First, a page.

Document Type Doctoral Thesis Author Kloppers, Elizabeth C firstname.lastname@example.org URN etd-08052004-122500 Document Title Kerkliedere vir 'n nuwe generasie - 'n Liturgies-himnologiese ontwerp onder voorwaarde van die Ekumene (Afrikaans) Degree DMus Department Music Supervisor
Advisor Name Title Prof C Walton Keywords
- worship service
- church service
- religious songs
- function of hymns
- liturgical renewal
- liturgical studies
- liturgical function
- processes of canonisation
- Liedboek van die Kerk (2001)
- liturgiese vorme
Date 2005-01-08 Availability restricted AbstractHymns are handed down from generation to generation, from country to country, and from church to church. In every time in history, hymns and songs are needed that are new for that time and generation – hymns through which the timeless message can be voiced in a new and unique way. The historical binding, as well as the ecumenical tie, are thus indispensable features for the church, her liturgy and her music. In the processes of creating new hymns and liturgical forms, the una sancta ecclesia always needs to be in focus.
In this study the ecumenical and liturgical movements of the twentieth century, their goals, and the influence they exerted on liturgical renewal and hymn singing, are investigated. The ecumenical meaning of new hymns and liturgical forms is evaluated in terms of these goals. To determine the functionality of new hymns, a theoretical grounding for the various functions of hymns is given.
Renewal in the form of contemporary material, new styles and ecumenical-liturgical forms is reflected in the Liedboek van die Kerk (2001), the new hymnal for the Afrikaans-speaking churches. The hymnal is discussed with regard to the content, and the processes of compilation. The versification of the psalms, fundamentalist views, and the resistance to transformation in the processes of canonization, also comes under scrutiny.
Documentation, motivation and report of about sixty new hymns and liturgical forms in the Liedboek van die Kerk (2001) are given. Hymns, songs and liturgical forms are researched from hymnological perspectives, by relevant musical and textual analysis, and by exploring their origin, history, working history, and liturgical function. The functionality of the hymns is assessed, and their hymnological, liturgical, contextual and ecumenical significance determined, with regard to the theoretical grounding in the preceding chapters.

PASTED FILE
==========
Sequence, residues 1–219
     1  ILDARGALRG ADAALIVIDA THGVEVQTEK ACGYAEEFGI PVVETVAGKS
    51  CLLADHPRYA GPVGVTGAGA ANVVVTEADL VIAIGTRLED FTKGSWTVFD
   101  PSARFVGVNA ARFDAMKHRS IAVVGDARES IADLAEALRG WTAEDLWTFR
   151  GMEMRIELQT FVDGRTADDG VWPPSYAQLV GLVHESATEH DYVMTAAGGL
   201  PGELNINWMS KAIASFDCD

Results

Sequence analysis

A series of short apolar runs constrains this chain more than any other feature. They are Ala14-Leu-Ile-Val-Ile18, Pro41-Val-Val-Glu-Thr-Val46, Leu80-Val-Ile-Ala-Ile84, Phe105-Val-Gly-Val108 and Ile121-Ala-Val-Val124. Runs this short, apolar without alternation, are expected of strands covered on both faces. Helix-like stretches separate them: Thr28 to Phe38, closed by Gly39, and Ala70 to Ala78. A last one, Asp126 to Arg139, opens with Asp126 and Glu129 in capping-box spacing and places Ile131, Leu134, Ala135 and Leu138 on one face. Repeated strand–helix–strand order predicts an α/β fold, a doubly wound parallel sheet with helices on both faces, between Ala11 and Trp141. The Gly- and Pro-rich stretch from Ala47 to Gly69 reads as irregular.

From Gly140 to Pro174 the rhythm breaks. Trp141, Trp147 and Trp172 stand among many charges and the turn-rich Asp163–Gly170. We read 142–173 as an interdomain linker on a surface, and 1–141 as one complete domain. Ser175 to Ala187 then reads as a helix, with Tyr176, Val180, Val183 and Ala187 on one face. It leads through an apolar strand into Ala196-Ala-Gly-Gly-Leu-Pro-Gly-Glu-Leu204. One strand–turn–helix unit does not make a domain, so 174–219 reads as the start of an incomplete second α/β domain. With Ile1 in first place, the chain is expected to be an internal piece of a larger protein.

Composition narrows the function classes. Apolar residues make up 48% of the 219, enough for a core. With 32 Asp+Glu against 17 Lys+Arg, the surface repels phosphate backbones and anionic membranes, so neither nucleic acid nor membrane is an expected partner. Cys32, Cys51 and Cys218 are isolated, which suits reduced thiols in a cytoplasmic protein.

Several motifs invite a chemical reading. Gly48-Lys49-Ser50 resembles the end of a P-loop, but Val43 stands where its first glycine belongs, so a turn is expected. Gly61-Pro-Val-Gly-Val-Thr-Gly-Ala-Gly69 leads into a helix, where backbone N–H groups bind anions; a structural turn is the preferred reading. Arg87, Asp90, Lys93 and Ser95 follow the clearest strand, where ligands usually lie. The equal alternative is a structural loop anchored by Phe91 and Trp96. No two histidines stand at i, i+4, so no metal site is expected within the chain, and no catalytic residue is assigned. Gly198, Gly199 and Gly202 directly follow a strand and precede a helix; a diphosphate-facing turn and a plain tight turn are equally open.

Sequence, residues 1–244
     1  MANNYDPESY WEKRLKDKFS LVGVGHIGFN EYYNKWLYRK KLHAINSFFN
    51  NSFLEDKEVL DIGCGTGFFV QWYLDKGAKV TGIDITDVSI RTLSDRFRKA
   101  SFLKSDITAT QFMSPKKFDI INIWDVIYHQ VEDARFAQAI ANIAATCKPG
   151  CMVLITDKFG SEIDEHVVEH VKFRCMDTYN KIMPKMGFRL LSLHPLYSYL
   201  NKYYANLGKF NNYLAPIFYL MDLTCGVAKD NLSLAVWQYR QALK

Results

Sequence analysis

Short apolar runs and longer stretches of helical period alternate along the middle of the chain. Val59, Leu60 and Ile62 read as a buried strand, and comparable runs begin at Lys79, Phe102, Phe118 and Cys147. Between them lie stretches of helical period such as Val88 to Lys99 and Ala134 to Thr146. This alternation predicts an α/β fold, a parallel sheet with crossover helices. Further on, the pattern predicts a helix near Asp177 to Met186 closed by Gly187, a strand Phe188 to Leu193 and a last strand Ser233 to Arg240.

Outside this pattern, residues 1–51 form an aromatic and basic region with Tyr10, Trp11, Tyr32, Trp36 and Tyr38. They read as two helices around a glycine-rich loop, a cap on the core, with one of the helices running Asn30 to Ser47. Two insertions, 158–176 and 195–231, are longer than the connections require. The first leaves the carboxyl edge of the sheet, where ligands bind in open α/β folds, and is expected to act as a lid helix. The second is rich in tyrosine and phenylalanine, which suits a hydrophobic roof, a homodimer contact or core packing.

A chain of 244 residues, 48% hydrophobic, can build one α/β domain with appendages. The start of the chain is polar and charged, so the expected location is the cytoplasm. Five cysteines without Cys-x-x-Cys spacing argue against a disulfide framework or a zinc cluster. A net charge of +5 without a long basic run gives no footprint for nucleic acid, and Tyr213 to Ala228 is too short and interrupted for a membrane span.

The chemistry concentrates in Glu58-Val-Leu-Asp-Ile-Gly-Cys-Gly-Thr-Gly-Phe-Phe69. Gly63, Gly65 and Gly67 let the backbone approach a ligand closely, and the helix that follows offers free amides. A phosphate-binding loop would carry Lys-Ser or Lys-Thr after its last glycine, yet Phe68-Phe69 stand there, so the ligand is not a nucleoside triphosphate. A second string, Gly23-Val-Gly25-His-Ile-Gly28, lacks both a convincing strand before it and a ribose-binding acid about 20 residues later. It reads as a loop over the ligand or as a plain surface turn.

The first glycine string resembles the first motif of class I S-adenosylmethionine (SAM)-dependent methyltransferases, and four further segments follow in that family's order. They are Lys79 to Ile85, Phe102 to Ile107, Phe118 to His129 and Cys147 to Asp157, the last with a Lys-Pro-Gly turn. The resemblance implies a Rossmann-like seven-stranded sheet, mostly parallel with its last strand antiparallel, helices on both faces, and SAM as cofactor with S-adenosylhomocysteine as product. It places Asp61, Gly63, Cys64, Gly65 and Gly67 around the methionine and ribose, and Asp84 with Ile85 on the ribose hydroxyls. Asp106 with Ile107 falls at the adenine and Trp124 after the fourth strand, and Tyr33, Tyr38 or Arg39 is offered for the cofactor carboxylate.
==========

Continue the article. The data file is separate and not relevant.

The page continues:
The conclusion is that ecumenicity is a sine qua non for the hymns and songs of a new generation. History and tradition, but also the contemporary church as a whole, should co-determine processes. The future of liturgical singing depends on the way in which theological, liturgical, hymnological, ecumenical and anthropological fields of tension could be kept in balance.
Balance thus needs to be found between functionality, ethics, and aesthetics; between tradition and creativity; historical fidelity and contemporary embodiment; individualism and community; between the individual church and ecumenism; quality and popularity; between Christian/confessional identity, and general religiosity; between orthodox expressions of faith, and the poetical-symbolical shifting of boundaries.
Boundaries are exceeded through the singing of hymns – boundaries of language, of confession, of time and space, and boundaries between individuals and groups. Liturgical singing can be the singing of believers of all times and all places only by preserving the traditional ecumenical heritage on the one hand, and on the other hand, through ecumenical cooperation when creating new hymns and forms – thus the one faith in many languages, the audible sign of the una sancta ecclesia.
© University of Pretoria 2005
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